there are too many amazing meals of pastas, gnocchi and wood-fired pizzas to describe in full detail. but i will mention some of the highlights and describe some of the smaller bits of pleasure we enjoyed. perhaps my favorite things were antipastis - appetizers... the cheese and meat plates, piles of prosciutto over melon slices, smoked local fish, orange-pine nut gelato and tart yogurt gelato, limoncello liquor made from the zests of lemons grown in moterosso, or lemon juice slushies to cool off after a day at the beach, macchiatos and biscotti and many many aperol spritz.
*left to right... aperol spritz with bruchetta antipasti; lemon risotto with lake como fried fish; lemons in moterosso; house smoked trout and sword fish; cheese plate at linea d'ombra; lobster pasta with fresh tomatoes; raspberry tiramisu with espresso creme; caprese with oregano and buffalo mozzarella

after a week of travel with my family of four, i made my way to milan to pick up jonathan. from there, we hopped straight onto a train to lake como where we took a ferry to bellagio. it was wonderful to slow down our pace, relax and just enjoy the small, quite little town of bellagio. eat, drink, nap, sun, gelato, eat, drink... this cycle went on for 3 days, intermixed with little ferry trips to other areas of the lake. we had some wonderful lake front meals, but i think my favorite evening was spent sipping hot chocolate and macchiatos and munching on cookies while watching the nightly thunderstorms. still warm and pleasant when under cover, but rain and lightning would hit the lake each night around 9pm. magnificent!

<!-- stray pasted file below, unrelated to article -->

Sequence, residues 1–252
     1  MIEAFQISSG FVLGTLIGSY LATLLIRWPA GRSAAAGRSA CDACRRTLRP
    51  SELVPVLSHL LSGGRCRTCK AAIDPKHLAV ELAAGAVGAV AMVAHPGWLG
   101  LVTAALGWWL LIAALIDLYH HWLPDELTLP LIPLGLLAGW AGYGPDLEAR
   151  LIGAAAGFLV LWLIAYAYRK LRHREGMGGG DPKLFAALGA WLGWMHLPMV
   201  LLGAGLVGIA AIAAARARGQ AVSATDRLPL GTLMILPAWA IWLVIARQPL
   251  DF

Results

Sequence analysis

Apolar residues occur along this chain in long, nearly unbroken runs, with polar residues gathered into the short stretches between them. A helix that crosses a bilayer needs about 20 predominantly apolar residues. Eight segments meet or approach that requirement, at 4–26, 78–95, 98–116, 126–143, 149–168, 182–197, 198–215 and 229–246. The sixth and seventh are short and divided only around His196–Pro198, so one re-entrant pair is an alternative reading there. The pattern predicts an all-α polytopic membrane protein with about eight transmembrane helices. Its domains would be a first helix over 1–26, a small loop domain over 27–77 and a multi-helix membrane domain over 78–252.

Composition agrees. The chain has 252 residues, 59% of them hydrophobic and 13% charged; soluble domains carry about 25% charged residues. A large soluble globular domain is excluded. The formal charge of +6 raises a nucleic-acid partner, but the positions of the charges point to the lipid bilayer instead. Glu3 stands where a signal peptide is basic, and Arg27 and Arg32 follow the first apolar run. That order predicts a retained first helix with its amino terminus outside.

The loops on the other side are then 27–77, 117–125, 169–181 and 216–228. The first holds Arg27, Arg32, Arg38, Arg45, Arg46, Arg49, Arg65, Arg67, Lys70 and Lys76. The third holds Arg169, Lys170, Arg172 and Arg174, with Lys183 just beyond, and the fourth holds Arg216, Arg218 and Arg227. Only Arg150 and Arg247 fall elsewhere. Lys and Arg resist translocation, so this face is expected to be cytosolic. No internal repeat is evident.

after lake como, we took another train to venice. gorgeous as it may be, the city is overflowing with tourists and trash. we woke up at 5 in the morning on the second day just so we could go walk the town for a few hours before all the other tourists woke up. it was amazing to feel like we had venice to ourselves, but we did see a lot of trash and a very small, overworked crew of street cleaning folk. you would think that with all the money coming in through tourism, the city would reinvest into keeping the city clean and enjoyable. my other gripe, was that of all the places in italy i was shocked that venice had the worst food. perhaps it's simply because there are just too many tourists and that is who these restaurants cater too. or if you do want to find quality food, you will pay a hefty bill. and we did exactly that. we splurged on a mouthwatering, four course meal at the waterfront restaurant of linea d'ombra, one of venice's most romantic and creative restaurants. their inch-thick wine list was rather intimidating (picture above), but our server kindly guided us through our selection process to a locally produced pinot grigio that paired lovely with our seafood-rich meal and cheese platters.